Environmental impact assessment of the construction project and other environmental protection approval.

The enterprise’s emergency programme for environmental pollution incidents.

Any other information required to be publicly disclosed.

On 12 June 2017, MEP and Securities Regulatory Commission signed the Cooperation Agreement on Jointly Carrying out Environmental Information Disclosure of Listed Companies. It specifically puts forward to gradually establishing and improving the mandatory environmental information disclosure system of listed companies and bond companies.

3. Do companies have to report information to the regulators and the public about environmental incidents (such as water pollution and soil contamination)?

Entities that cause or can cause environmental incidents must both:

  • Make any incident known to any third party that may suffer due to the incident.
  • Report the incident to regulators and accept their investigation and decision.

4. What powers do environmental regulators have to access a company?

The following can carry out onsite investigations at the relevant enterprises and other business operators that discharge pollutants:

  • Environmental protection authorities at county level or above.
  • Assigned environmental supervision agencies.
  • Other departments in charge of environmental supervision and management.

Investigators can:

  • Enter relevant facilities for the purposes of inspection, sampling, monitoring, recording sound, shooting video or taking notes.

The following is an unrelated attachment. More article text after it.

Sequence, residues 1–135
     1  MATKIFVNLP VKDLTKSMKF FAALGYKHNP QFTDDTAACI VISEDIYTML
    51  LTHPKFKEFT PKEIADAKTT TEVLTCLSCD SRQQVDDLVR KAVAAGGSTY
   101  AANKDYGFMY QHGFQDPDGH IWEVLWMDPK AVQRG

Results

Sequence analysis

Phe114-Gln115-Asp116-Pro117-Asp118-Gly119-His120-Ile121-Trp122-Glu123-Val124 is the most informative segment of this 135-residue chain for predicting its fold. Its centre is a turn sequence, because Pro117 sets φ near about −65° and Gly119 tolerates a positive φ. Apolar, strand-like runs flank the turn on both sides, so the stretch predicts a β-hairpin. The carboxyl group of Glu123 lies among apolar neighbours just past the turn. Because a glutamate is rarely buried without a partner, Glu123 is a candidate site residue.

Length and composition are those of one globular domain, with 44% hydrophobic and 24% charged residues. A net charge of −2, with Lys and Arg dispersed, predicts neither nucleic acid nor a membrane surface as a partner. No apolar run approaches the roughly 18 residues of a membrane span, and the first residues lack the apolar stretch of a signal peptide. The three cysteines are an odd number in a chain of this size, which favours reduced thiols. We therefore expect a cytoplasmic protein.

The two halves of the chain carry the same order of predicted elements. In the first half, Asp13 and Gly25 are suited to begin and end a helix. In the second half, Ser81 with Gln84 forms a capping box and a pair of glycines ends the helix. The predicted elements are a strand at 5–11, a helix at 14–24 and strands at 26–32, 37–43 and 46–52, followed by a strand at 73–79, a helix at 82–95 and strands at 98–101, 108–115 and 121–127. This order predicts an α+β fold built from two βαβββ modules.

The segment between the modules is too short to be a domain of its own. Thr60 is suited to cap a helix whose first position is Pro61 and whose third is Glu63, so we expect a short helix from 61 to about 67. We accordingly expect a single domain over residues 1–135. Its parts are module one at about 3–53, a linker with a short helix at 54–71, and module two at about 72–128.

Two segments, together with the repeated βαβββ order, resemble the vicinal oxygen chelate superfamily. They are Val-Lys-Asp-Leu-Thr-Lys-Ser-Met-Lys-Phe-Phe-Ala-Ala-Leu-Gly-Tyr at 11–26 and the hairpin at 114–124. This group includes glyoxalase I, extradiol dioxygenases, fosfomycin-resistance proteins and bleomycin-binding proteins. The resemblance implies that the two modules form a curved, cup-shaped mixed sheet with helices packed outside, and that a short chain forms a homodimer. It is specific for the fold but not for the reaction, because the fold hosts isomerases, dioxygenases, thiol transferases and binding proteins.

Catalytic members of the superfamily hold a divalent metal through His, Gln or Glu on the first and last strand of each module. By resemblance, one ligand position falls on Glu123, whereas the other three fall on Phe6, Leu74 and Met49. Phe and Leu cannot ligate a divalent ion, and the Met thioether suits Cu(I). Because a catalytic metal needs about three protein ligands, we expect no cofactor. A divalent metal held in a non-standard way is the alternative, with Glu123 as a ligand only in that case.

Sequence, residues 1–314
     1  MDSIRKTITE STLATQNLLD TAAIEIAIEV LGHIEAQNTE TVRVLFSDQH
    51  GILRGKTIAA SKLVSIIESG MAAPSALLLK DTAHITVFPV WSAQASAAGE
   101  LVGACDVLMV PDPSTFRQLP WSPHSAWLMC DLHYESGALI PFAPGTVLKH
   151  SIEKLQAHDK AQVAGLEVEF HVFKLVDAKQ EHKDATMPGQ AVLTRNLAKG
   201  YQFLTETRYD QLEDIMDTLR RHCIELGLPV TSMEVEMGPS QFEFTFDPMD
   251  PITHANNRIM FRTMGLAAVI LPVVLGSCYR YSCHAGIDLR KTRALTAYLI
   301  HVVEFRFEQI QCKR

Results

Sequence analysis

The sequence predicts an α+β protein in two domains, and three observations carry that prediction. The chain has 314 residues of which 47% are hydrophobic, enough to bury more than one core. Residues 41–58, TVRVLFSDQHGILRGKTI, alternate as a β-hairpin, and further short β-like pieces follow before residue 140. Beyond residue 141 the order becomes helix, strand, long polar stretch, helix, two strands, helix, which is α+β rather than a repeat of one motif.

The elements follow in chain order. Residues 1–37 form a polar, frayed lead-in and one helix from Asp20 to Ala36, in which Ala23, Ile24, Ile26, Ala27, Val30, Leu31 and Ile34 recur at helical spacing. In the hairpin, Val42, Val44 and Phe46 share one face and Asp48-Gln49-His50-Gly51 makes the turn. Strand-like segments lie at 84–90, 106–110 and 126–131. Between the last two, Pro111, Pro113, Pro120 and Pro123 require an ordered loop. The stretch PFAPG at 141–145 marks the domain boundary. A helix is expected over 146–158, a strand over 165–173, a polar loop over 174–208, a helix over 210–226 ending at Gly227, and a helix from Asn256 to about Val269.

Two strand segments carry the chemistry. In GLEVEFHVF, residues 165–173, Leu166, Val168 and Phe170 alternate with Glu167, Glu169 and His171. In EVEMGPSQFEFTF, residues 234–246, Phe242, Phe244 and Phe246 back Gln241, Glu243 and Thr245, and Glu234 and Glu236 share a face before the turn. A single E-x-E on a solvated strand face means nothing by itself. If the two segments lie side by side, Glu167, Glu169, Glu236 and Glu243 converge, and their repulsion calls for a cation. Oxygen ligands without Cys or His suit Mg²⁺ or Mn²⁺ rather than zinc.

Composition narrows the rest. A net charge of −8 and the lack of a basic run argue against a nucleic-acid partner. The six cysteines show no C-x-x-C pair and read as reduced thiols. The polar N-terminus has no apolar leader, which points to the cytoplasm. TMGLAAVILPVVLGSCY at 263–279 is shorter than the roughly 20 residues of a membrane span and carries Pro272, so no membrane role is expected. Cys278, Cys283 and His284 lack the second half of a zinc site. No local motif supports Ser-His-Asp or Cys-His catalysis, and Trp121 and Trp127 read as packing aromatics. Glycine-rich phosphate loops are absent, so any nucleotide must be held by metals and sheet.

• Consult and reproduce relevant materials including the manufacture of products and sewage discharge records.
  • Appoint and question relevant persons in the enterprise, and demand that they explain relevant matters and provide relevant materials.
  • Order the suspension of production or demand remediation.
  • Apply the summary procedure and make an administrative penalty decision onsite.

5. What obligations are there on companies to report on environmental issues in their annual corporate reports?

Enterprises must prepare environmental impact reports in accordance with the Guidelines for the preparation of corporate environmental reports (HJ 617-2011). These reports must be made public.

See also Question 2.

Environmental insurance

6. What types of insurance cover are available for environmental damage or liability and what risks are usually covered? How easy is it to obtain environmental insurance and is it common in practice?

(1)Types of insurance and risk

The only type of insurance available addresses environmental pollution liabilities. Environmental pollution liability insurance policies can cover:

  • Liability for a third party’s personal injury or property damage caused by pollutants.
  • The insured enterprise’s necessary and reasonable costs of rescuing the life of a third party, and avoiding or reducing the property loss of the third party.
  • The insured enterprise’s necessary and reasonable costs of controlling the pollutants’ diffusion or cleaning up the polluted site as required by environmental protection law.
  • Any compensation liability agreed by the insured enterprise and insurance company.

(2)Obtaining insurance

Obtaining environmental pollution liability insurance is a pilot project rather than a compulsory regulation. Therefore, it is not a common practice to obtain environmental insurance.